INTERIOR DESIGN: OFFICES , RESTAURANTS, HOTELS AND RESIDENTIALS
****Happy Valentines Day***
How an interior space is designed in the interior communicates strongly to the customers.
Each particular space should be designed to communicate about the products or services that they are selling. This in turn results to better profits at the end of the day.
For example, a coffee shop should be designed in such a manner that makes the customers feel relaxed. Warm dark colors and textures should be used. Direct brightly colored lights should be avoided. Careful choice of wall, floor and ceiling finished should be done. The finishes should be preferably natural such as natural stone flooring, Jerusalem stone cladding and rustic uncut wooden members tied together with sisal ropes.
Shiny materials such as glazed ceramic tiles should be avoided. Glass should be used only where necessary to create the ‘large space’ appearance.
Research has proven that dark matt colors and textures when used in restaurants tend to make people stay longer hence an increase in sales. Likewise, shiny bright colors make customers uncomfortable hence shorter stays leading to less profit.
A clear practical example of this is the Java coffee house off Koinange Street. The interior design has used dark matt colors resulting to a very ‘comfortable’ feel. The result is that the restaurant is mostly full throughout the day and enjoys a large number of customers even in the off-peak hours.
Near the Java coffee house, there is a coffee house which has not fully utilized interior design factors. This coffee shop is usually quite empty in the off-peak hours.
This clearly proves the power of interior design In attracting customers for restaurants.
Interior design can transform even the dingiest of places into works of art.
A good example is the Safaricom shops dotted all around the country.
Some Safaricom shops are located in dilapidated buildings in dusty downs. Once the shop is designed and constructed, it clearly changes the ‘aura’ of the place and makes the place look classy.
The interior and shop façade of the once dilapidated building is transformed into a gem.
In these shops, a theme usually is followed on walls, floors, ceilings, displays and furniture.
The current Safaricom theme has rounded edges. The use of rounded edges makes the customers feel relaxed.
A similar rounded-edges theme is also very common in European phone-shops.
These themes keep changing over time to avoid monotony.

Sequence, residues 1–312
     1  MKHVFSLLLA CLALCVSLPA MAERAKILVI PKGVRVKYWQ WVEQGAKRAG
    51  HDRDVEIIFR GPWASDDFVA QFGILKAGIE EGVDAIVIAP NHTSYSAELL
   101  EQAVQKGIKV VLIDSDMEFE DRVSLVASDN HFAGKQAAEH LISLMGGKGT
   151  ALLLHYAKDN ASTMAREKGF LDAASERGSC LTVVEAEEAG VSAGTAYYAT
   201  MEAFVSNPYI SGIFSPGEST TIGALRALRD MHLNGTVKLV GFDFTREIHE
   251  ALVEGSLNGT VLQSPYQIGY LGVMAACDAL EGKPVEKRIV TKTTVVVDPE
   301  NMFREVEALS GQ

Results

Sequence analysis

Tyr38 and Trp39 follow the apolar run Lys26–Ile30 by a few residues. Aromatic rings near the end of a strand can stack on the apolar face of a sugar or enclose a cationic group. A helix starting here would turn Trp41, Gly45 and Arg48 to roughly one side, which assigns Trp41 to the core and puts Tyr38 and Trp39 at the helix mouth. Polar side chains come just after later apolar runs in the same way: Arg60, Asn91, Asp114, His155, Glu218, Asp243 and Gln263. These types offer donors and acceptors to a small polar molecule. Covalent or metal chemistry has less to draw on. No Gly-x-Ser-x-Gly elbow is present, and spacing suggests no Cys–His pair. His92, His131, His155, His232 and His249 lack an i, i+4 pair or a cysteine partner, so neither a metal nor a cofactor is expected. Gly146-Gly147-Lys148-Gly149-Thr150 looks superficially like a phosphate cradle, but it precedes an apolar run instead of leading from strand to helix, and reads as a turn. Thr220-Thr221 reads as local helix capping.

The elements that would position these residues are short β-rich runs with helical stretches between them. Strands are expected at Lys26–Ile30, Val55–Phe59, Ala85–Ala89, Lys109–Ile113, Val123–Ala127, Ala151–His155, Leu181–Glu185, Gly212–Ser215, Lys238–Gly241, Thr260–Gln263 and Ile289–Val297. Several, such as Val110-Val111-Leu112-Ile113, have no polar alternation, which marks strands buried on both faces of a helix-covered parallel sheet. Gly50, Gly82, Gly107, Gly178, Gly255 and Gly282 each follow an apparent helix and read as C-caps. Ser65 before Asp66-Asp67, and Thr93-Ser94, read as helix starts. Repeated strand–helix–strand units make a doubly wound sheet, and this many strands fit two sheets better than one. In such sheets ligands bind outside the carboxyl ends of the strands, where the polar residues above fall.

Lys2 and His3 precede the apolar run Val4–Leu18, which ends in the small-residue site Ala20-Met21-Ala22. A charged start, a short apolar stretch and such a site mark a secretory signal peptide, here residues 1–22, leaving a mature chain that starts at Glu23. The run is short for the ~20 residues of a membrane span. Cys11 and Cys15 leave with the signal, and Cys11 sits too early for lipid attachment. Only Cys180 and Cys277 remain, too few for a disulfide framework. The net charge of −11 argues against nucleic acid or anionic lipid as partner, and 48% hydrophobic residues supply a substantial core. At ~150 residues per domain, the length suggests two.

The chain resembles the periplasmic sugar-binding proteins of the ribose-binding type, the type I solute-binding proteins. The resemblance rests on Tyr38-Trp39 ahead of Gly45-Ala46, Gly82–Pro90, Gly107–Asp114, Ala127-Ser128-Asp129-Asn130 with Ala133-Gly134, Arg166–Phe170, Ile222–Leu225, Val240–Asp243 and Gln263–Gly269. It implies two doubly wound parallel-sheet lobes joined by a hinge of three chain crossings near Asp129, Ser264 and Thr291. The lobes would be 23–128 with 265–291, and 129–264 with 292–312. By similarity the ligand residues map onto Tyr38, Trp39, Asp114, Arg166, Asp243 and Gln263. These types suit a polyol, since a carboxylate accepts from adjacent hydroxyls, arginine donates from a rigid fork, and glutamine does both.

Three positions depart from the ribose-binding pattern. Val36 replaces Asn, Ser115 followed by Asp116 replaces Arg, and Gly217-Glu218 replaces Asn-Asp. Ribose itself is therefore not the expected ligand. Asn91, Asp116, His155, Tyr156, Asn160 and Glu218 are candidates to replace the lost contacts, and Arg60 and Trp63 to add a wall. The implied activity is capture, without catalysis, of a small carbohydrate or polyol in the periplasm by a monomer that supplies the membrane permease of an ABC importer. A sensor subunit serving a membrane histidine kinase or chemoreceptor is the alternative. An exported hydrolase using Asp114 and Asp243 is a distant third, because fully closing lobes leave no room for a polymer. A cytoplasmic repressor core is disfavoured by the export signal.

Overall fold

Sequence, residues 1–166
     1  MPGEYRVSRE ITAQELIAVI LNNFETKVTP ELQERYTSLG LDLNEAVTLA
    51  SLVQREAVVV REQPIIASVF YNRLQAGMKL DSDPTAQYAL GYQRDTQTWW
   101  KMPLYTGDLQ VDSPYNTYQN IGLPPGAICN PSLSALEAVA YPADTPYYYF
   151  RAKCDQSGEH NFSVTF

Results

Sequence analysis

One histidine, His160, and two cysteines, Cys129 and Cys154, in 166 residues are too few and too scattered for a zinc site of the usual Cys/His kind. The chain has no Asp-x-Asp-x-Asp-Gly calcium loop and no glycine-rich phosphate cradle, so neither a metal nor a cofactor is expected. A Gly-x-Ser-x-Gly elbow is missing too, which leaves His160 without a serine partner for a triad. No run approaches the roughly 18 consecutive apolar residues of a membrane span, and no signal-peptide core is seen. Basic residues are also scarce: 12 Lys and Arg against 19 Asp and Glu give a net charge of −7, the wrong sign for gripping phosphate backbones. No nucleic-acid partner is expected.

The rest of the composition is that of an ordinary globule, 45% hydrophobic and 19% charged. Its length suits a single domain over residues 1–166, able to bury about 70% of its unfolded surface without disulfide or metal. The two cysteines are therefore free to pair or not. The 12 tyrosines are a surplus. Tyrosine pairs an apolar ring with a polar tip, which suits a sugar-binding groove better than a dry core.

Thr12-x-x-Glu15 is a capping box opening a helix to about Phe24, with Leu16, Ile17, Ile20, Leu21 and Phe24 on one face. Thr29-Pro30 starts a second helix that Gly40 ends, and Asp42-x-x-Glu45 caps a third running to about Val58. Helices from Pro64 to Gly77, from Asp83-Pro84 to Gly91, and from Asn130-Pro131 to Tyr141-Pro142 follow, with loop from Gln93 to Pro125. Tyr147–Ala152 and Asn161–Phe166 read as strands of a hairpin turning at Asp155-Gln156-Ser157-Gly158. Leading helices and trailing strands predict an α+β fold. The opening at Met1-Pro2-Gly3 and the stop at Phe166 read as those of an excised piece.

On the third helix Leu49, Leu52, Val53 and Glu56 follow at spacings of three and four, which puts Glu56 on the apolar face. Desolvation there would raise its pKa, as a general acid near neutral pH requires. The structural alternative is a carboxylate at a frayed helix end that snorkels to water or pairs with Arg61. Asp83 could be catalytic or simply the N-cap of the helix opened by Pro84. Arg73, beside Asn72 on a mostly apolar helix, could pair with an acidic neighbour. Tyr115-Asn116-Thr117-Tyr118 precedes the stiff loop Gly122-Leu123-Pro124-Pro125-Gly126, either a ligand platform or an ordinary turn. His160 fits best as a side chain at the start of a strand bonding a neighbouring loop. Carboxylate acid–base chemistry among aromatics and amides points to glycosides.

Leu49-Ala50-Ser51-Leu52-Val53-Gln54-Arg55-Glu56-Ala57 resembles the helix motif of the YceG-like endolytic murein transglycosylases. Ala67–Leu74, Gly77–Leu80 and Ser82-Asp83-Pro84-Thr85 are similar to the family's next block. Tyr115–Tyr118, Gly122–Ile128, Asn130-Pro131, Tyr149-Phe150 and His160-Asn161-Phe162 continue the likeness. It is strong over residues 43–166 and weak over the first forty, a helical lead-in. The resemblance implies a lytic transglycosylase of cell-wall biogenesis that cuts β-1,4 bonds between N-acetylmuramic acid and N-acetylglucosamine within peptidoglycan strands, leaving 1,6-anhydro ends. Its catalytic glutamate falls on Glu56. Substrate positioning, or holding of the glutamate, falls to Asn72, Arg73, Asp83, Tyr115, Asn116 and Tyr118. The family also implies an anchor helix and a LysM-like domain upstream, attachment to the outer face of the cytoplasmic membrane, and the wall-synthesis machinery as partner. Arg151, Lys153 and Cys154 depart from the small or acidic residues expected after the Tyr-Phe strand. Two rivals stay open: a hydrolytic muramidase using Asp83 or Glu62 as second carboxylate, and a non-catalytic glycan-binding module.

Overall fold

For Safaricom to keep a large lead in the Kenyan telephony sector, they invest heavily in creative architects and interior designers. Their opponents will have a long way before they catch up until a time when they realize that the impact of well-designed interiors has a great effect on the net profit of their businesses.
Interior design for office spaces such as banks and insurance companies also help to create a sense of stability and efficiency.
Most banks in Kenya invest heavily in interior design for this purpose.
Older banks such as Barclays and Standard know the importance of good, creative interior design more than newer banks.
If you enter into any banking hall of some banks such as Barclays, Diamond Trust, Shelter Afrique , Stanbic,I&M, NIC, Fina or Standard, you will see that nothing is left for chance in the interior design. All floor tiles and patterns are carefully chosen, no color clashing, all the bank’s logos are carefully placed and careful choice of materials has been done. Each banking hall is a masterpiece by itself.
This is because the banks place architecture and interior design highly and value the fact that interior design alone is a very important factor in making sure that the bank gets good profits.
Their selection of architects and interior designers is therefore carefully done on the basis of how creative the architects are.
Some other banks do not have creative interior design. This is very evident in that if you enter such banking halls, you will see some levels of poor workmanship, logos placed haphazardly, floor tiles with patterns not following any sequence, un-creative design of the counters and many more ‘small’ flaws here and there.
The net effect is that they make less profit compared to their counterparts who have invested in creative interior design.
Its time the Kenyan private sector employed competition in procuring architecture and interior design services.
This way, creative genius is able to be unlocked which in turn will result to greater profits.
In Countries such as South Africa and Australia where most design jobs are awarded through competition, it’s very evident since no two buildings look like each other and most buildings are a work of art by themselves.
Even small residential 1 bed roomed houses are very creatively designed. The net effect is a country that looks organized and appealing to look at. This creativity is only unlocked through design competition whereby several architects are invited to design a particular space, then the best design is selected.